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Lights, camera, turnovers

Bears quarterback Jay Cutler passes against the Bengals during the Bears' 24-21, season-opening victory Sept. 8 in Chicago.
Bears quarterback Jay Cutler passes against the Bengals during the Bears' 24-21, season-opening victory Sept. 8 in Chicago.

LAKE FOREST – Jay Cutler apparently has been brainwashed by coach Marc Trestman and the Bears’ high-tempo offense.

Because when Cutler appeared with celebrity wife Kristin Cavallari on the FX sitcom, “The League,” the 30-year-old quarterback struggled to fill the downtime.

“It was good,” Cutler said Thursday at Halas Hall, where the Bears continued to prepare for the Steelers. “But like I told Kristin, it’s a lot of waiting around. You do your thing and then, you know, it’s like 3 hours [of] just sitting around.

“I was like, ‘This is what you do?’ Played on the iPad, played some cards. It was fun, but I don’t think I would’ve done it if she wouldn’t have asked me.”

Does he respect his wife’s job more or less after the experience?

“I’m supposed to say more, right?” Cutler said with a wry smile.

Yes, you are.

Now, we can add “sitcom actor” to Cutler’s many descriptions.

Mr. Fourth Quarter.

Mr. Awful Interception.

Mr. Franchise Quarterback.

Mr. Sack-Fumble.

It’s all true.

All of it.

These are happy times for the Bears. A pair of fourth-quarter comebacks has lifted them to 2-0, and they sit atop the NFC North as one of only three unbeaten teams in the conference.

Meanwhile, Cutler has played well more often than he has played badly.

Entering Week 3, his 95.6 passer rating placed him 10th among NFL quarterbacks and ahead of star opponents such as Drew Brees (87.4), Colin Kaepernick (81.6) and Tom Brady (74.1).

“I think we’re in a good spot right now,” Cutler said.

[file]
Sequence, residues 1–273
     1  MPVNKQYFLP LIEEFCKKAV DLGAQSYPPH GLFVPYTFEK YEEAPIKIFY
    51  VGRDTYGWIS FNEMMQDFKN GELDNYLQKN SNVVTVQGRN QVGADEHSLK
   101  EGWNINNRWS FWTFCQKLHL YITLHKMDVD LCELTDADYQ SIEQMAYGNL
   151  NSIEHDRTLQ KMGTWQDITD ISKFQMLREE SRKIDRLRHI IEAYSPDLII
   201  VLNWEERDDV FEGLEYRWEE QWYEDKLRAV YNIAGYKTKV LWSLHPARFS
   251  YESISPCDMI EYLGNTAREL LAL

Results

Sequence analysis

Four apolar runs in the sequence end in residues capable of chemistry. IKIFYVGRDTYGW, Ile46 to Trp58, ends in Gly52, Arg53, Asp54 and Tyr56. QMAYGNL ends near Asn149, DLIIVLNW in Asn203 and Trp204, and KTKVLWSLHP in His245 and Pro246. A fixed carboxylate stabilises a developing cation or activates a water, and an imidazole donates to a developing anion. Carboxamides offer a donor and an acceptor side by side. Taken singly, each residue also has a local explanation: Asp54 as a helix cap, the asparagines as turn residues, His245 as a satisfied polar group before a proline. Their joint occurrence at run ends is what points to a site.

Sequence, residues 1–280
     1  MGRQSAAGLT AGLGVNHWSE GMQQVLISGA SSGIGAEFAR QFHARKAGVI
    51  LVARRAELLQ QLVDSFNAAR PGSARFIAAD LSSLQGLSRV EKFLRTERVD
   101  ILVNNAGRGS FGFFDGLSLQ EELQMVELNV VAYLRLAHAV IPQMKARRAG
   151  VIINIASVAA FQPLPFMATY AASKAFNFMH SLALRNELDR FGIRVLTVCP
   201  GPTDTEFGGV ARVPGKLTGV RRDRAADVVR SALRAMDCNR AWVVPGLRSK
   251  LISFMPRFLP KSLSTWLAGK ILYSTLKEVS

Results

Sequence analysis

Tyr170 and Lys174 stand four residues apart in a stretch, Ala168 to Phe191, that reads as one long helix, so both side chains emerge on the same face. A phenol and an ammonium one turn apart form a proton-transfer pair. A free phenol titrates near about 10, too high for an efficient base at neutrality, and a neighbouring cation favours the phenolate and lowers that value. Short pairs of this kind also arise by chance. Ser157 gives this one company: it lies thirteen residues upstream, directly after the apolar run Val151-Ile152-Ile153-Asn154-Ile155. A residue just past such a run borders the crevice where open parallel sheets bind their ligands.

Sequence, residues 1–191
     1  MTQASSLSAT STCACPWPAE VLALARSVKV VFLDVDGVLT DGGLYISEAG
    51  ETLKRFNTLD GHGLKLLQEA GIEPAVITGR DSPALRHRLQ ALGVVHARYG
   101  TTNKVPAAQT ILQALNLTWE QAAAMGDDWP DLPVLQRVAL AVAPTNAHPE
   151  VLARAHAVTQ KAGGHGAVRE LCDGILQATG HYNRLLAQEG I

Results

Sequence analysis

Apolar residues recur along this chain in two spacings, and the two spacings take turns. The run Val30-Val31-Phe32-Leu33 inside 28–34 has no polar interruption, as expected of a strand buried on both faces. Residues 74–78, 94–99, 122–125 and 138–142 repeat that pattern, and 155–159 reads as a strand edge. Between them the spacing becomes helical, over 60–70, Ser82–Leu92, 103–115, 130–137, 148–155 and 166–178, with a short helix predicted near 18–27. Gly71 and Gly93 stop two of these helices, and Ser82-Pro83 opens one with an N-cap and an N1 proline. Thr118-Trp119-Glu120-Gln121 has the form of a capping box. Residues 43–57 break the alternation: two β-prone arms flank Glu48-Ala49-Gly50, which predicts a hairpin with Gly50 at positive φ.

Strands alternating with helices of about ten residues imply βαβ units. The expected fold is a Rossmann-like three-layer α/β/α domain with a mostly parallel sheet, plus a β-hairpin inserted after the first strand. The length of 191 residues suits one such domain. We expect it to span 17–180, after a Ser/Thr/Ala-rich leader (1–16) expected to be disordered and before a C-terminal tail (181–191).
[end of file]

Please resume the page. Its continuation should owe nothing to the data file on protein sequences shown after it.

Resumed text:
Hey, that’s great.

But if the Bears want to be something more than September darlings, something Super, then Cutler must cut down on his careless mistakes. And I’m not sure that’s possible.

Can you coach turnovers out of Cutler?

Well, I don’t know. Can you coach sailboats out of Lake Michigan in the summertime? Can you coach delays out of O’Hare? Can you coach height out of the old Sears Tower?

Every coach who has worked with Cutler has tried to limit the damage.

Ron Turner isn’t here anymore. Neither is Mike Martz. Neither is Mike Tice. For that matter, neither is Pep Hamilton or Shane Day or Jeremy Bates.

Trestman is here now to fix No. 6. He is joined by Matt Cavanaugh, the Bears’ quarterbacks coach, who confers with Cutler on the sidelines during game days.

So far, like every season before, Cutler’s game days have resembled roller-coaster rides.

Cutler already has four turnovers this season, including three in his most recent game against the Minnesota Vikings. Instead of throwing the ball out of bounds and trying again on second-and-goal, he forced a pass that was intercepted in the end zone.

Instead of recognizing Vikings safety Harrison Smith lurking across the middle of the field, he lobbed a pass that was intercepted in the red zone. Instead of securing the ball, he let it dangle and coughed up a costly fumble on a sack by Jared Allen.

Now comes the Bears’ first road game of the regular season at Pittsburgh’s Heinz Field. Cutler will face a hostile crowd, an aggressive 3-4 defense and a prime-time audience.

Is anyone else seeing turnovers in the forecast?

“We won’t be perfect out there,” Cutler said. “We’re going to see some stuff that maybe [causes us to] mess up, but we just have to work through it, work through the crowd noise, and get to the second half in a good place for us to win the game.”

Maybe Cutler will prove me wrong. Maybe he’ll be more mindful of protecting the football and decide that it’s OK to be a caretaker instead of a gunslinger.

Or maybe Cutler always will flirt with the extremes.

Mr. Incredible.

Mr. Infuriating.

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